Linda Brown: “The Fight for a Better Education

“I was kind of afraid at first. I didn’t talk about it very much, I guess, because I was afraid it would get back to someone who would make trouble. Last year in American history class we were talking about segregation and the Supreme Court decisions, and I thought, ‘Gee, someday I might be in the history books!’”— 1961 interview with the (New York Times), from Linda Brown. Before the Civil Rights Movement began Linda’s father, Oliver Brown felt that his daughter should have the same rights as any other kid in America. Linda Brown became a positive influence on the Civil Rights Movement by challenging segregation, racism, and gaining equal education for African American students.

Linda Brown was born on February 20, 1942, in Topeka, Kansas, to Leola and Oliver Brown. Even though she and her two younger sisters grew up in a diverse neighborhood, Linda was forced to walk across railroad tracks and take a bus to grade school despite there being a school four blocks away from her home. This was due to the elementary schools in Topeka being racially segregated. Each day, Linda Brown and her sisters had to walk across those dangerous railroad tracks to get to the bus stop for the ride to their all-black elementary school.

Linda and her family believed that the segregated school system was a violation of the Fourteenth Amendment and decided to take their case to court. The Federal district court decided that segregation in public education was harmful to black children, but because all-black schools and all-white schools had similar buildings, transportation, curricula, and teachers. But they didn’t do anything about it because segregation was legal. The Browns appealed their case to the Supreme Court, stating that even if the facilities were similar, segregated schools could never be equal to one another. The Court decided that state laws requiring separate but equal schools violated the Equal Protection Clause of the Fourteenth Amendment (History Editors).

Linda Brown was the oldest out of the three of Brown’s’ children. She graduated from Central High School in Springfield, Missouri and received certification in early childhood education from Kansas State University. As one of the children of the Oliver Brown, that the landmark U.S. Supreme Court case in Brown v. Board of Education is named, Linda Brown traveled the country with other family members lecturing about the history of this significant civil rights milestone. She along with her family and others involved in the cases consolidated under Brown were guests at the White House during the Clinton and Obama Administrations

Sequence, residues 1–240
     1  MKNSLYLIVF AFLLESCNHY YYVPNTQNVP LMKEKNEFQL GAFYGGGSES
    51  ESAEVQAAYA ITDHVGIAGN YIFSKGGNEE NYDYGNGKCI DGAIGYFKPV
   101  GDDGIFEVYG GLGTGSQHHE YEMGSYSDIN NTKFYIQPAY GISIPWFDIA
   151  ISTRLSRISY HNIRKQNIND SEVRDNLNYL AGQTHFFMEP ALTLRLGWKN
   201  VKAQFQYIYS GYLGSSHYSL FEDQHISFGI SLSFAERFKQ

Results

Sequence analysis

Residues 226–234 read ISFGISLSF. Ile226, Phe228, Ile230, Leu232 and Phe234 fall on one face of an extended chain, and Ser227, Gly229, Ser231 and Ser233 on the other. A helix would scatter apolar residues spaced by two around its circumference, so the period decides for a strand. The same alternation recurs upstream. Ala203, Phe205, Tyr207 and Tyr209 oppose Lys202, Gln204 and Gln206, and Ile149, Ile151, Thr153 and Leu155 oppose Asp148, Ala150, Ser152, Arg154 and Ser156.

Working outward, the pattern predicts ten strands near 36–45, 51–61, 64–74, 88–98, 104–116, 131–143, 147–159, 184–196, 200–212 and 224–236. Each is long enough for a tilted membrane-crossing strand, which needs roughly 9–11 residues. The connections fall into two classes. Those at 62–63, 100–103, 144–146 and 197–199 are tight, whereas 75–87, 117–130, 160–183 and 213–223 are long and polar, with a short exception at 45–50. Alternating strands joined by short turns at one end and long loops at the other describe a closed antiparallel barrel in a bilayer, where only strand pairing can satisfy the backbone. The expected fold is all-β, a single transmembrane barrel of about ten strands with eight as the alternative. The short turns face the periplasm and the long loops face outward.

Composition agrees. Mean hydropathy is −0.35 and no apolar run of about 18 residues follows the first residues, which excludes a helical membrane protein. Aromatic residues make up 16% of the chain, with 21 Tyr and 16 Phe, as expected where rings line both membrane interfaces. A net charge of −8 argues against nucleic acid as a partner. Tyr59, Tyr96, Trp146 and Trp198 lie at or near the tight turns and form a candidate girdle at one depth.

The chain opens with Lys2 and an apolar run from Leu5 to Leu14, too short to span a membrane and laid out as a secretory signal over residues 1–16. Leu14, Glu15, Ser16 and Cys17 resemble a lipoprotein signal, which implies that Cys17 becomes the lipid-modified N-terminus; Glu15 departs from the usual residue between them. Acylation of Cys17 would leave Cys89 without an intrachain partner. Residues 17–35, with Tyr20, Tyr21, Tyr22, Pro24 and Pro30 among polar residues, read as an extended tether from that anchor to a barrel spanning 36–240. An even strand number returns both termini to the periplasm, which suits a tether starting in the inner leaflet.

The National Association for the Advancement of Colored People asked a group of African-American parents that included Oliver Brown to attempt to enroll their children in all-white schools in the year 1950. Knowing that they would be turned away by the schools. Oliver attempted to do this with his daughter Linda, who was in third grade at the time and barred from enrollment at Sumner Elementary. The strategy of the civil rights group to file a lawsuit on behalf of the 13 families, who represented different states that had the same conflict. The Brown v. Board case was never centered around one individual. There were nearly three hundred plaintiffs on the roster in the lawsuit (Brown Foundation).

The Topeka case involved 12 schools. Including four segregated African American elementary schools in Topeka, the case also involved eight segregated schools for white children. Where African American parents attempted to enroll their children. During the court proceedings, Linda attended Monroe and McKinley elementary schools. Since Brown’s name happened to come first alphabetically, they were the first case to get started on. This case would become known as the Brown v. Board of Education and it would be taken to the Supreme Court. The lead attorney working on behalf of the families was future Supreme Court Justice Thurgood Marshall.